Simple Steps to Cultivate Miracles

Last night, I spoke to a friend that relocated from the busy metropolis of Bangkok to the isolated countryside of England (Wales, to be exact). She just got a huge tattoo, in Sankrit, on her forearm of her son’s name. “I just walked in to a tattoo place on a whim and a couple of hours later it was done,” she said without much emotion. “I needed a change, it was either get inked or take up smoking.” We talked for another half an hour, during that time she revealed that she is bored with the routine life of motherhood in the English countryside and misses her friends in Bangkok. “Just hanging out, going to the movies, having dinner are the things that I no longer do,” she whimpered. “What happened to my life?”

As the soul matures, and it must, we tend to have this great yearning for more a course in miracles . There are few of us who have never pondered the meaning of life or spent some time reflecting on what will truly make us happy. Yet the more we attempt to solve these puzzles, the more elusive the answers become. Yes, we have heard that happiness is here and now, but how many of us truly understand what that means?

After more than a decade of practicing yoga, I was sure that I was on the way to somewhere very special a course in miracles workbook lessons. Of course, there are moments when life becomes dull, stressful or even depressing at times, but I was convinced that these temporary lows are no match for a rigorous 90-minute practice on the mat where I attempt to sweat the stress out in increasingly challenging poses. Watch the breathing and all will be OK, or to quote a very respected teacher, “Do your practice and all is coming.”

While I had, no doubt, great transformations with the practice, it still felt as if there was something unspeakable that was lacking. An emptiness that buckets and buckets of sweat just will not fill up. So, with the guidance from angels (in the form of my sister, friends and newfound acquaintances), I began to pay closer attention to the needs of my body, for it is a great reflection of the yearnings of the soul. What I’ve discovered is that it is OK to ask for help and guidance, that I do not have to pretend that everything is fine and hide behind the mask of a yoga teacher.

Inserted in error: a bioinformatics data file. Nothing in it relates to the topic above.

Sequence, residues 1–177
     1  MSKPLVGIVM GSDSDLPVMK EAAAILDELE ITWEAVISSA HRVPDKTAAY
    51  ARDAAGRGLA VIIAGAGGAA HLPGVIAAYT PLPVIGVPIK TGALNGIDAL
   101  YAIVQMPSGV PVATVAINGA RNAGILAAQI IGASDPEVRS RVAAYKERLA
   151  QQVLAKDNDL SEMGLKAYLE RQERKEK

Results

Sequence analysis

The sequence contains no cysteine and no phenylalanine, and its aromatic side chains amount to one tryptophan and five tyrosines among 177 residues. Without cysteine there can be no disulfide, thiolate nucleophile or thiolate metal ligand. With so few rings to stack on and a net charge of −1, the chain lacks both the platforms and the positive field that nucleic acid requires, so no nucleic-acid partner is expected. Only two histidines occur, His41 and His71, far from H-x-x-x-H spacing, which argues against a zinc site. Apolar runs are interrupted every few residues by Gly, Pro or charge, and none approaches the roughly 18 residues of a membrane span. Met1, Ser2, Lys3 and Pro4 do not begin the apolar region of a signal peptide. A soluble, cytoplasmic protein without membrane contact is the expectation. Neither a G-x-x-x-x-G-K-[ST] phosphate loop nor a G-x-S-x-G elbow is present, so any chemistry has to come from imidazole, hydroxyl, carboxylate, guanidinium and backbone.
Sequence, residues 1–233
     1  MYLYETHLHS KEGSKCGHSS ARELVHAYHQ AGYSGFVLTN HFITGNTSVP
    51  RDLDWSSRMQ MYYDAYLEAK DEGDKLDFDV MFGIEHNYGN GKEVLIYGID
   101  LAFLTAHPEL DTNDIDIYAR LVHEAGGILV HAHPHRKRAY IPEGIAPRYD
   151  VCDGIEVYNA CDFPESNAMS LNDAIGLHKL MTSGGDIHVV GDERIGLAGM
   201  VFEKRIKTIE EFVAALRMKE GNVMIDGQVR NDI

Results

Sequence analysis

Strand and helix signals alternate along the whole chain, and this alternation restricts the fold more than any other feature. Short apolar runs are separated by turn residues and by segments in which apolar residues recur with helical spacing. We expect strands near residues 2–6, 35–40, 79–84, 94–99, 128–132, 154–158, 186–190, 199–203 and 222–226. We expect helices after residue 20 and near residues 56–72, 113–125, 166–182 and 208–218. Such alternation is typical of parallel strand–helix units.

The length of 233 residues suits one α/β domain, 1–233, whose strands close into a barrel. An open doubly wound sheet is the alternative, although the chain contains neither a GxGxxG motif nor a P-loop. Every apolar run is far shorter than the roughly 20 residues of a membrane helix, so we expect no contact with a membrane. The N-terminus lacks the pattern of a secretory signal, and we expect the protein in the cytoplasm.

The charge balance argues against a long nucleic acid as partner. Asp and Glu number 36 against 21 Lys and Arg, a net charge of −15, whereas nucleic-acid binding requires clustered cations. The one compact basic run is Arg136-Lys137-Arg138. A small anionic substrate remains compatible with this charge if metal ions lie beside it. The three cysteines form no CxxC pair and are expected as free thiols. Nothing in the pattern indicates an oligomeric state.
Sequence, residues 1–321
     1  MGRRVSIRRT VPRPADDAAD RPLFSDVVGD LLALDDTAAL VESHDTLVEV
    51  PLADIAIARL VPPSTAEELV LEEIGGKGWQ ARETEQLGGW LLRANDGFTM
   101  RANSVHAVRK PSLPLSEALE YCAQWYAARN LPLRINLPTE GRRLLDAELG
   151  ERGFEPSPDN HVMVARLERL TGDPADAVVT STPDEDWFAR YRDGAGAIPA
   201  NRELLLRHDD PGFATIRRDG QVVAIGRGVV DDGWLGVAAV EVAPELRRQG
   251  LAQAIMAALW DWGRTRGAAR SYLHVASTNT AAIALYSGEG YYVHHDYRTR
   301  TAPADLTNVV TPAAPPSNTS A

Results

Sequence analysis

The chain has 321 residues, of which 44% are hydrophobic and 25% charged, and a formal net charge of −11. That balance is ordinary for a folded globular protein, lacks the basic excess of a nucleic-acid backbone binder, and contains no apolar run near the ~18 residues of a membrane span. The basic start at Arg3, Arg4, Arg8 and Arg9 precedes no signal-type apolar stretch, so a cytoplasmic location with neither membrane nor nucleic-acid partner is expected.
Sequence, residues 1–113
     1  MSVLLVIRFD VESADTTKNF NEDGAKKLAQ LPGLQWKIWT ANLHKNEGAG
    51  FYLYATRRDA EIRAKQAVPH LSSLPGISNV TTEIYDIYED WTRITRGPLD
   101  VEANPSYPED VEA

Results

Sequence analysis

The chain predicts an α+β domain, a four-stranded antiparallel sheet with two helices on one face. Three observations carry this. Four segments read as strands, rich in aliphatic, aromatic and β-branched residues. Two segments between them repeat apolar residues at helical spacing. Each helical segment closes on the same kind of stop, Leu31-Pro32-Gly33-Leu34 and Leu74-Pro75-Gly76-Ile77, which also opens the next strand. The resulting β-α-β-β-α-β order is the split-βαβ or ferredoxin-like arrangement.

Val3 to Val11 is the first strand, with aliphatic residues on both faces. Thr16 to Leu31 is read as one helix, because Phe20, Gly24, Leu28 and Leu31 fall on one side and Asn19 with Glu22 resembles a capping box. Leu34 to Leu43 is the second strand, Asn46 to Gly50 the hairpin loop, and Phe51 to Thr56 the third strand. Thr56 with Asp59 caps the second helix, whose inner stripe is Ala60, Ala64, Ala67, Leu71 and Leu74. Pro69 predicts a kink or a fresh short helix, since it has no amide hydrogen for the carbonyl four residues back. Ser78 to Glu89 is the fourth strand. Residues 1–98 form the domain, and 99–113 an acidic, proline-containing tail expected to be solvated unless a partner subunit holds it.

Self-reliance was a virtue that I held dear, for it has such a powerful connotation. That being said, truly listening to my body revealed that sometimes, I don’t want to rely on myself. Sometimes, it is such a great relief to be able to share, honestly, with those to care enough to listen. Healers are all around us if we welcome the light. We do not have to stand in darkness alone.

As I delve deeper into the energy therapy component of the yoga practice, I am witnessing a transformation in my being that is honest, joyous and miraculous. The shift for me came with the letting go of an external shell and to let the light. Seemingly simple actions in the forms of massages, deep conversations with friends, guiltless naps, and connecting with groups of energy healers have made me more grounded and confident that the world stands ready to support us as our soul matures. And we do not have to do this alone.

Golf is a sport that will reward patience almost every time. Given the world we live in today, where everyone wants everything quick and easy, this secret really holds true. Most players just do not have any patience. Golfers want to birdie that first hole. They want to go for that par 5 in 2. They want to have the lead after day 1. They want to keep up with their playing partners on every hole. They want to hit it through that small crack in the trees and complete the miracle shot, instead of punching out to the fairway safely. They want to drive that par 4 in 1. While there is a place for this kind if thinking, it will not help you most of the time.

TV has actually hurt the average golfers perspective on this subject. TV will usually only show the highlights, especially on a Thursday or Friday. This means if you are sitting at home watching, you’re getting hit with great shot after great shot. While this is great entertainment and advertising for the sport, it isn’t reality. Tour players make plenty of simple golf shots that go unnoticed. They do this because in the long run, that is how they shoot their lowest scores. Even if they are capable of playing a different shot, they make the smart play and remain patient. If you go to an event to watch live, and follow only one group throughout the round, you will notice how patient and conservative these guys play. They rarely fire at pins; they fire at the center of the green. They keep it simple and avoid mistakes.

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